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The Department of Homeland Security has seized control over a joint BP oil spill website, previously managed by several US Government agencies and BP and intended to inform the public about the progress made in the cleanup effort.
The joint website was managed by US agencies, including the US Coast Guard, and BP to provide daily information about the oil spill and efforts made by both in conjunction with independent contractors to proceed with the cleanup effort.
Effective immediately, the Department of Homeland Security will now control all content and distribution of information to the American and international public.
Originally posted by SheeplFlavoredAgain
So now they have put themselves in the business of disseminating information that once was handled quite well by a free press?
All information is retained for the sole use of the site owner and will not be distributed or sold.
This web site and the information it contains is provided as a public service by the U.S. Coast Guard.
We use the information to improve our service to you or to respond to your request. Sometimes we forward your e-mail to other government employees who may be better able to help you. Except for authorized law enforcement investigations, we do not share our e-mail with any other outside organizations.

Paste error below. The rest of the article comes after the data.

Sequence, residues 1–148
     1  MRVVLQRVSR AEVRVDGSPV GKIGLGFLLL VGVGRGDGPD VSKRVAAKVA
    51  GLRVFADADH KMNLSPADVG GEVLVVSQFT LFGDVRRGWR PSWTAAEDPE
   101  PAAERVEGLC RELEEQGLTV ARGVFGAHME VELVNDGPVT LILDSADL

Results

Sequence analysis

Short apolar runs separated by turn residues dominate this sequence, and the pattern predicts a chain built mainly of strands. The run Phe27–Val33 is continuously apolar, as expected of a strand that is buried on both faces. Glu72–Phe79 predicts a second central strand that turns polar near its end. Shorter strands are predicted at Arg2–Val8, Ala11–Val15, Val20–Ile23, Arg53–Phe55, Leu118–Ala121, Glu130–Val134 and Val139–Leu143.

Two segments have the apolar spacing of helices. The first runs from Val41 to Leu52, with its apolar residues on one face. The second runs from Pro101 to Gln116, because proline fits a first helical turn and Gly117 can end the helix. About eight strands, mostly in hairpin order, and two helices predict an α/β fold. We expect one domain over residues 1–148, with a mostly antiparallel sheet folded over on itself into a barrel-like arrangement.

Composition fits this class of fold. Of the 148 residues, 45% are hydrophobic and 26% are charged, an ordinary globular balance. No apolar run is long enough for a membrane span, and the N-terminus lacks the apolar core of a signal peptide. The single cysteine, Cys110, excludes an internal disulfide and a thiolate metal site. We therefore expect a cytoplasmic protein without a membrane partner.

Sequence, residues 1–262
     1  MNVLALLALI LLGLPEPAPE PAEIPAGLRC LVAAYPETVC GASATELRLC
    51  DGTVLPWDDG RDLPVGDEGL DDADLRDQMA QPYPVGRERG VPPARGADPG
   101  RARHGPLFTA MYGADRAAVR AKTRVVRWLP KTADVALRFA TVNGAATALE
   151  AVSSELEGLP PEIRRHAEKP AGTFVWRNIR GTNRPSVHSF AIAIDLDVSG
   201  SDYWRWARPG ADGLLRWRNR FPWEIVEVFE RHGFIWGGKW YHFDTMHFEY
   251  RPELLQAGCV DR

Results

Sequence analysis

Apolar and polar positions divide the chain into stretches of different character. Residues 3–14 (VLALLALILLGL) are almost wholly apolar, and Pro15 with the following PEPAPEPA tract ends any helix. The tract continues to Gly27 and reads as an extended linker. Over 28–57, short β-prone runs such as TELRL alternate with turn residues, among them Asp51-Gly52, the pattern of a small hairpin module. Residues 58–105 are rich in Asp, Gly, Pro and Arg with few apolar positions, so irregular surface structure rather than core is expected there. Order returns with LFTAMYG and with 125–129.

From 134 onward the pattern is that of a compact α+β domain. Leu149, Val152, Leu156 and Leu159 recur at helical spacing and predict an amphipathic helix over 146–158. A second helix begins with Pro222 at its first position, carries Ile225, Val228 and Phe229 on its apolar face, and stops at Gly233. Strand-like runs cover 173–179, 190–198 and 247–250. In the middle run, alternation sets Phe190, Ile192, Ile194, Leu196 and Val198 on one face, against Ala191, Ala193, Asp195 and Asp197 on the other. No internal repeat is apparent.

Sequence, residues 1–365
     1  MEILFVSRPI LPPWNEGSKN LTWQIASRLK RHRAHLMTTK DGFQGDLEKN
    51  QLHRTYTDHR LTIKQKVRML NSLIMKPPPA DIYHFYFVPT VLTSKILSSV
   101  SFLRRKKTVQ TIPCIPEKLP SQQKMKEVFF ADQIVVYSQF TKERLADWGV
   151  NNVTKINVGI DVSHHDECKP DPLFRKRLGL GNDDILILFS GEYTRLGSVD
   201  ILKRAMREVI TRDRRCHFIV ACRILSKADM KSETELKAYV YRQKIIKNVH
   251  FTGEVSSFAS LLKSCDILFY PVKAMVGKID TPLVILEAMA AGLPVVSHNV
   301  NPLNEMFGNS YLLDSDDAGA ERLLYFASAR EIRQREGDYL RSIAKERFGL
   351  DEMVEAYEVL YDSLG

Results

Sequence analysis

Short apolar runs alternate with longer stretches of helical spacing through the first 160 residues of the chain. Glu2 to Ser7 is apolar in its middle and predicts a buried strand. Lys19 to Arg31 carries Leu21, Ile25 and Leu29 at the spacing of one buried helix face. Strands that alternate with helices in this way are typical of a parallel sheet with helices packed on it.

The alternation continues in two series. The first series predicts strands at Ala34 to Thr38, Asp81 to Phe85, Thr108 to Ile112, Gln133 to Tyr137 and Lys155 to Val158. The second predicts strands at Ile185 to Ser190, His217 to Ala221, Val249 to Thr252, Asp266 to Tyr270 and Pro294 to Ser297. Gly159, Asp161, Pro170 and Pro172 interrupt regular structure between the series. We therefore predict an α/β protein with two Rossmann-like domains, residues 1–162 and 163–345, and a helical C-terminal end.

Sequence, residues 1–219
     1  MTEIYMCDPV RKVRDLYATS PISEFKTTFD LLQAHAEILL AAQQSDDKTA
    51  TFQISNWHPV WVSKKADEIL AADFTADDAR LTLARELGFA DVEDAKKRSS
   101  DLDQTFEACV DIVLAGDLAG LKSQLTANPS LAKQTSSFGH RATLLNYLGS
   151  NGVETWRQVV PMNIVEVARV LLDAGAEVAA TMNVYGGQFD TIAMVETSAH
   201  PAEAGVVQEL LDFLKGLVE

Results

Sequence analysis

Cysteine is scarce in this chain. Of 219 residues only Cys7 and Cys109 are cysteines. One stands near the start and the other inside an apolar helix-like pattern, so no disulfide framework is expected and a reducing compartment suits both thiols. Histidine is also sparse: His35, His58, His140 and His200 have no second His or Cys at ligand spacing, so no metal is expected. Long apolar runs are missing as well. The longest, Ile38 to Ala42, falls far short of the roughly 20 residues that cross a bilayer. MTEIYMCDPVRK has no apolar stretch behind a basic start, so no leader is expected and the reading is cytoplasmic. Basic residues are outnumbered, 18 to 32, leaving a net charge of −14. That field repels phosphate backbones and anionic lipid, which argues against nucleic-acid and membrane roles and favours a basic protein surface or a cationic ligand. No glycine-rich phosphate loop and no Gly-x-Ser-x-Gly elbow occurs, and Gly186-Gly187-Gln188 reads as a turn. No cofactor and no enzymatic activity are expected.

Considering the Coast Guard owns the site, information on the site "will not be distributed," and that the Coast Guard stated "we do not share our email" with anyone outside government except for law enforcement, BP has no right to be in possession of an email list from this website
Originally posted by Ian McLean
The spokesman, Sean Smith, said the government wants to be as transparent as possible and increase Americans' access to information.
See? No need to worry; they just want to help keep the public informed.
A frequent critic of the administration's response to the oil spill, Rep. Darrell Issa, R-Calif., was skeptical the change would amount to much.
"Given that the government taking over the cleanup hasn't exactly fixed things, it's hard to imagine the government taking over a website making things much better either," Issa, a member of the House Committee on Oversight and Government Reform, said in a statement e-mailed to the AP.